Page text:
The Electro-Hydraulic Control Unit (EHCU) is located in the left hand side of the engine compartment. The EHCU assembly includes the Electronic Brake Control module (EBCM) and the Brake Pressure Modulator Valve (BPMV). The EHCU regulates hydraulic pressure in the brake system during an antilock stop.
Electronic Brake Control Module
The Electronic Brake Control Module (EBCM) is part of the EHCU. The EBCM is the electronic portion of the EHCU. The major function of the EBCM is to control the BPMV.
Inputs to the EBCM include the following items:
Outputs of the EBCM include the following items:
A diagnostic serial data line (ABS only) is also used for diagnostic service tools and assembly plant testing.
The EBCM monitors the speed of each wheel. If any wheel approaches lockup, the EBCM controls the solenoids (isolation solenoid and dump solenoid) in order to reduce brake pressure to the wheel approaching lockup. Once the wheel regains traction, brake pressure is increased until the wheel again approaches lockup. This cycle repeats until either the vehicle comes to a stop, the brake is released, or the wheel is no longer approaching lockup. The EBCM also runs self diagnostics in order to check for any system malfunctions. Refer to Self Diagnostics. If the EBCM detects a malfunction with the system, the ECBM will illuminate the amber ABS indicator in order to alert the driver of a malfunction.
The EBCM performs one initialization test each ignition cycle. The initialization of the EBCM occurs when the following conditions are met:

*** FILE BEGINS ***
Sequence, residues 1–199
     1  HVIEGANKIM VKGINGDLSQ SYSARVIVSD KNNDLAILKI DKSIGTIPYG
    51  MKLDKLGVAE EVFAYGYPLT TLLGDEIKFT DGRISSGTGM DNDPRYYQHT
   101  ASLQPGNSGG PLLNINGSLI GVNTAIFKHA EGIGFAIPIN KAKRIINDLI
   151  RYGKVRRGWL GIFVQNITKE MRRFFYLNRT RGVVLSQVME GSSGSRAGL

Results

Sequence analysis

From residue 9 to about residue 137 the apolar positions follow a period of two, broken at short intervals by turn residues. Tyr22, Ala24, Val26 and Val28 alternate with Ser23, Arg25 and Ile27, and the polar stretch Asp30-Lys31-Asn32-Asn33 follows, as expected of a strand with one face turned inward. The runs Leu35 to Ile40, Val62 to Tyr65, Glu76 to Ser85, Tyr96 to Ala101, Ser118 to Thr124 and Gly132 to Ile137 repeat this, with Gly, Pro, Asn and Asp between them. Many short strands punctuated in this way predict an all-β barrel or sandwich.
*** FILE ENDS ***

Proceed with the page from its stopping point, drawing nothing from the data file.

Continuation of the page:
The initialization sequence briefly cycles each solenoid and the pump motor to verify proper operation of the components. The EBCM sets one or more DTCs in accordance with any malfunction that is detected.
The EBCM defines a drive cycle as the completion of the initialization sequence.
If a pressure hold does not correct the wheel slip condition, a pressure decrease occurs. The EBCM decreases the pressure to individual wheels during deceleration when wheel slip occurs. The isolation valve is closed and the dump valve is opened. The excess fluid is stored in the accumulator until the pump can return the fluid to the master cylinder or fluid reservoir.
The EBCM closes the isolation valve and keeps the dump valve closed in order to isolate the slipping wheel when wheel slip occurs. This holds the pressure steady on the brake so that the hydraulic pressure does not increase or decrease.
After the wheel slip is corrected, a pressure increase occurs. The EBCM increases the pressure to individual wheels during deceleration in order to reduce the speed of the wheel. The isolation valve is opened and the dump valve is closed. The increased pressure is delivered from the master cylinder.
Tire Size Calibration
The EBCM accepts wheel speed signals from several different sizes of tire and wheel combinations. All vehicles are pre-programmed from the factory with the proper tire size calibration. Whenever you replace the EBCM or change the tire size, you must reset the tire size calibration in the EBCM using the scan tool. Once programmed, this calibration will remain, even if the battery is disconnected or if the EBCM is removed from the vehicle.
Wheel Speed Sensor Tone Wheels
Each Wheel Speed Sensor uses a tone wheel in order to produce an AC voltage signal. Tone wheels are metal rings with teeth on the outside diameter. The AC voltage is produced as the teeth pass through the magnetic field of the WSS pole piece. The tone wheels are either attached to the rotor, or inside the hub/bearing assembly. Any imperfections in the tone rings, such as a broken tooth or a missing tooth, can cause an inaccurate wheel speed signal.
Wheel Speed Sensors
The front Wheel Speed Sensors (WSS) are a magnetic coil/pickup type. Each WSS produces an AC voltage signal which is transmitted to the EBCM in order to indicate how fast the wheel is turning. The speed of the wheel is directly proportional to the frequency and amplitude of the wheel speed signal.